Ross Lake

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For the township, see Ross Lake Township, Minnesota.
Ross Lake
From Desolation Peak (looking south)
Location Ross Lake National Recreation Area, Whatcom County, Washington, United States;
Skagit Valley Provincial Park, British Columbia, Canada
Coordinates 48°43′54″N 121°04′02″W / 48.73167°N 121.06722°W / 48.73167; -121.06722Coordinates: 48°43′54″N 121°04′02″W / 48.73167°N 121.06722°W / 48.73167; -121.06722
Lake type reservoir
Basin countries United States, Canada
Max. length 23 mi (37 km)
Max. width 1.5 mi (2.4 km)
Max. depth 540 ft (160 m)
Surface elevation 1,604 ft (489 m)
Islands Cat Island, Tenmile Island, Little Jerusalem Island, Cougar Island
Settlements none

Ross Lake is a large reservoir in the North Cascade mountains of northern Washington state, United States, and southwestern British Columbia, Canada. The lake runs approximately north-south, is 23 miles (37 km) long, up to 1.5 miles (2.5 km) wide, and the full reservoir elevation is 1,604 feet above sea level (489 m).

The U.S. portion of Ross Lake is in the Ross Lake National Recreation Area. North Cascades National Park is adjacent to the west and south, while the Pasayten Wilderness is east of the lake. In British Columbia the lake is a part of Skagit Valley Provincial Park, and Manning Provincial Park is nearby to the east.


Ross Lake is formed by the impoundment of the Skagit River by Ross Dam, which is operated by Seattle City Light for hydroelectric power generation serving Seattle, Washington, and surrounding areas. After leaving Ross Lake, the Skagit River flows through two more reservoirs before running to Puget Sound.

Looking north up Ross Lake, with Hozomeen Mountain in the left-background and Desolation Peak in the center-background

High peaks surround Ross Lake in all directions, and include Hozomeen Mountain, Ruby Mountain, Desolation Peak, and Jack Mountain, the summit of which is over 7,000 feet above the elevation of the lake. Rivers and creeks flowing into Ross Lake include the upper Skagit River, Hozomeen Creek, Silver Creek, Little Beaver Creek, Arctic Creek, Lightning Creek, Devils Creek, Big Beaver Creek, and Ruby Creek. Most of these creeks originate from glaciers and snowfields high in the North Cascades.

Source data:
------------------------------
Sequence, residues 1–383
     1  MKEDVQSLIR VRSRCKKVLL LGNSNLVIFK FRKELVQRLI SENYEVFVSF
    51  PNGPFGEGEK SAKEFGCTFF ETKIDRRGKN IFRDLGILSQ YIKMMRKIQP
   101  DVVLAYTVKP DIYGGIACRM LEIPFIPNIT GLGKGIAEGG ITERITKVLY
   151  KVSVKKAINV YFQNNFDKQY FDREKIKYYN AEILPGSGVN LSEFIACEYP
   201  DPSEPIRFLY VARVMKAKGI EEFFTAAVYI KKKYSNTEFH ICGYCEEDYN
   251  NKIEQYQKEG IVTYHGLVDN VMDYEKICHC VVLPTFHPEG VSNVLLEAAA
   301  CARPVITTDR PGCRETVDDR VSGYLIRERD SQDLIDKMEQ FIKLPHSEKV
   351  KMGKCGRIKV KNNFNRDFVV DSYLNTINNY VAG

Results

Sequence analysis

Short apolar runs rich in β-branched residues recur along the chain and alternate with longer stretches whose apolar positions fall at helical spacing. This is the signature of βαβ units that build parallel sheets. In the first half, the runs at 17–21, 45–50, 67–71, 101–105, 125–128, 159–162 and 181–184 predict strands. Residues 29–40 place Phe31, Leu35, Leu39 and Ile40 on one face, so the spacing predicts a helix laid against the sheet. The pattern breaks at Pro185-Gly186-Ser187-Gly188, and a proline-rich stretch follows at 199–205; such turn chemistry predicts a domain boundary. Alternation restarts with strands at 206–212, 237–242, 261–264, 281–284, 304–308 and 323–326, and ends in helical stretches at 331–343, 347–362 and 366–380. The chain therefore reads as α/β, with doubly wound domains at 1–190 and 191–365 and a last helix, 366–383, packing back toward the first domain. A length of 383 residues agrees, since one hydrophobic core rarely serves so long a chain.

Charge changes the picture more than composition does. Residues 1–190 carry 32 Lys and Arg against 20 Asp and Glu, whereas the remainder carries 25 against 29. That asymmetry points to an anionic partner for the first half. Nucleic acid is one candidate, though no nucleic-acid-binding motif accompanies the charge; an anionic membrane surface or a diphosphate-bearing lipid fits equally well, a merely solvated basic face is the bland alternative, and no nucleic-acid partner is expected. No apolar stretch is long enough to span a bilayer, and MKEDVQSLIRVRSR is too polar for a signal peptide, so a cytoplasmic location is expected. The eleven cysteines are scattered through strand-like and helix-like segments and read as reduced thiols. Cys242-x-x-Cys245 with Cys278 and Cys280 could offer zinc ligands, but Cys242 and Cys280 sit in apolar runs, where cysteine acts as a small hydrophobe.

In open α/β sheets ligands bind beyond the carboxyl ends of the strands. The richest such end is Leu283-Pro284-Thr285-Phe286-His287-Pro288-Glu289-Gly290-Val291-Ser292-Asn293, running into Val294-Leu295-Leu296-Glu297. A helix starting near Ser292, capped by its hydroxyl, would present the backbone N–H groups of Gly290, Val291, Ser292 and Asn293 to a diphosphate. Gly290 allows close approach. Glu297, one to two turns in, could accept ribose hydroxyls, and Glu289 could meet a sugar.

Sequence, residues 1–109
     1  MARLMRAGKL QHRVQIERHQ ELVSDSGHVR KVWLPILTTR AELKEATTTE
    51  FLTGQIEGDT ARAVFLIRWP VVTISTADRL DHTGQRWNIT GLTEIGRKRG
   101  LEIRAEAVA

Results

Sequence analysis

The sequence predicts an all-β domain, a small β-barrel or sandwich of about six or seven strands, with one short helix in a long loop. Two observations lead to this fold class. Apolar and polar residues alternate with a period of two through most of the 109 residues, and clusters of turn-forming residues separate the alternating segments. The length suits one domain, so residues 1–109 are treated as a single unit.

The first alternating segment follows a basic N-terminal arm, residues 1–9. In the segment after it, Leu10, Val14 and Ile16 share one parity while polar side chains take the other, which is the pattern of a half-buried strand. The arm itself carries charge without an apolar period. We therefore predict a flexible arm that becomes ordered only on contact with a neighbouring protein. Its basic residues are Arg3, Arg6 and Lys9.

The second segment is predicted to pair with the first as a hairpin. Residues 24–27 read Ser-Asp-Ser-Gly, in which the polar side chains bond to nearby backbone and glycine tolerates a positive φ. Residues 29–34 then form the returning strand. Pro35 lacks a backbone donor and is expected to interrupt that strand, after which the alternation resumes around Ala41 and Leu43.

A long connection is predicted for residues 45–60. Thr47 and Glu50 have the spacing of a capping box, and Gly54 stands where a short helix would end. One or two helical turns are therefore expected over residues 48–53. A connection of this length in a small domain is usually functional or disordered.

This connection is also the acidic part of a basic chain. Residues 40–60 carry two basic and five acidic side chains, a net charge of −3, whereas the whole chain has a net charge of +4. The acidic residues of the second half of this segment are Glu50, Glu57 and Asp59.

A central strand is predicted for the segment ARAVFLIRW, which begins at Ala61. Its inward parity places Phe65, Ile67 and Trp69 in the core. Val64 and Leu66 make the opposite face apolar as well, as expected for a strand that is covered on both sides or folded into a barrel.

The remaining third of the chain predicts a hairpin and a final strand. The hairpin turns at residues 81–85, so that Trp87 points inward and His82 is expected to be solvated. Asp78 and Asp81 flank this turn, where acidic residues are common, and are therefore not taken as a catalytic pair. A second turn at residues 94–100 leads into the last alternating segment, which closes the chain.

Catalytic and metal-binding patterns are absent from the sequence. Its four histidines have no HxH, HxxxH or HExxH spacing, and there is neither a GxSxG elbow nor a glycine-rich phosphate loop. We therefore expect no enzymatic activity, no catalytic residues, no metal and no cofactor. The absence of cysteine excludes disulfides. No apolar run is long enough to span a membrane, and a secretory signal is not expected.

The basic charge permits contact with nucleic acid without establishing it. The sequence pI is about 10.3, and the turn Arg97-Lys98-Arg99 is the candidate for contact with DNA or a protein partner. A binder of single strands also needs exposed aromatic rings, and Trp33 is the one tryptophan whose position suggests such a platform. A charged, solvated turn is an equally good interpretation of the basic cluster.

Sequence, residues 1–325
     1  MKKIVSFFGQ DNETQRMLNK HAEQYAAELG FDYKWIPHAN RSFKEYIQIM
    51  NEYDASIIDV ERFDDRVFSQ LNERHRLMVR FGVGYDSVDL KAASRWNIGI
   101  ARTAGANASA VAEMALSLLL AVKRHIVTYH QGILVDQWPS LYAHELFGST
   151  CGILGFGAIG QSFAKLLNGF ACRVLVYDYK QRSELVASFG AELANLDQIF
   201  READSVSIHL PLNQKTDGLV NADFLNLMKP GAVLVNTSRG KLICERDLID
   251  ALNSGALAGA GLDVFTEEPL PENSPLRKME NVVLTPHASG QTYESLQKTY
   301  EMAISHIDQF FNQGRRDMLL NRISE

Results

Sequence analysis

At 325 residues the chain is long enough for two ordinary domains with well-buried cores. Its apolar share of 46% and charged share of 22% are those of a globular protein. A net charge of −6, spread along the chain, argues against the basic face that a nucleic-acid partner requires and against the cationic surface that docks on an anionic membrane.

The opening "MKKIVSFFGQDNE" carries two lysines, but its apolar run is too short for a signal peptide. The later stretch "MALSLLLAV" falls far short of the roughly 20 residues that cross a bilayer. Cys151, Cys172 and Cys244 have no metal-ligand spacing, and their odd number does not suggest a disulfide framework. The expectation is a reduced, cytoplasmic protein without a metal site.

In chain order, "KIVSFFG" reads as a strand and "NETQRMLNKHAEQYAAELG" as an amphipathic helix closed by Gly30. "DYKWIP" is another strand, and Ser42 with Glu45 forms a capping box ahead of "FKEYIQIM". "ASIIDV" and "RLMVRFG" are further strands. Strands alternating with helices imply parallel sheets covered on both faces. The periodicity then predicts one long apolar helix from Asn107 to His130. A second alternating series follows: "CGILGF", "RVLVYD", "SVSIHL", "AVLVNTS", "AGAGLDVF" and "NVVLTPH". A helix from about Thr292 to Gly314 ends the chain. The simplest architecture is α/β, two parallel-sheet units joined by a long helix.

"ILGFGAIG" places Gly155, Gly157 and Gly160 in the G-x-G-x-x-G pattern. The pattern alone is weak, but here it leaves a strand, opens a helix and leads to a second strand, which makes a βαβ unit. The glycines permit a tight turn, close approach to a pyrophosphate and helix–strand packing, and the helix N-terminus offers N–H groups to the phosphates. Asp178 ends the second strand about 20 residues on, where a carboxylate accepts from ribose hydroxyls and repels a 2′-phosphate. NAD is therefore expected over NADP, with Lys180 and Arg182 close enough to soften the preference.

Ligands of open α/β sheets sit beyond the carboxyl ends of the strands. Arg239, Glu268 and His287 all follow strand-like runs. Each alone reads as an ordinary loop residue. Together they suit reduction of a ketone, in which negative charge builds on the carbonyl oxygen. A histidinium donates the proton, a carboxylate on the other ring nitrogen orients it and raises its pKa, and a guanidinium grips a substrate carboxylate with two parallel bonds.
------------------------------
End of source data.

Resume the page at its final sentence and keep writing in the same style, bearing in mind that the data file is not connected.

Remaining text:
Ross Dam, forming Ross Lake

Ross Dam, originally called Ruby Dam, was built in three stages between 1937 and 1949, and currently stands 540 feet (165 m) tall. A fourth stage of construction was planned for the dam; however, in 1984 Seattle City Light made an electricity-purchasing agreement with British Columbia which delayed any further expansion of the Ross Lake Dam for 80 years. The lake and dam are named after James D. Ross, the superintendent of the Seattle City Light’s Skagit River Hydroelectric Project, which built the dam.


Ross Lake is a major recreation destination within the North Cascades, attracting visitors with a multitude of fishing, canoeing, kayaking, and hiking opportunities. The trout fishing, in particular, is well-renowned. Ross Dam, as well as Gorge and Diablo dams downstream, are barriers preventing salmon from travelling between Ross Lake and the Pacific Ocean; thus, Ross Lake has no anadromous fish.

Camping is allowed at a number of boat-in and hike-in campsites around the lake. Backcountry camping permits (free, first-come first-serve) are required, and may be obtained from the National Park Service in Marblemount.

The lake is also home to a floating resort called the Ross Lake Resort. Made up of several dozen cabins and bunkhouses, it is situated approximately a quarter mile from the dam and rests entirely on log booms. During the winter, when lake levels shrink, the resort detaches from its shore moorings and relocates to the center of the lake. This is due to lower water levels caused by winter freezes.

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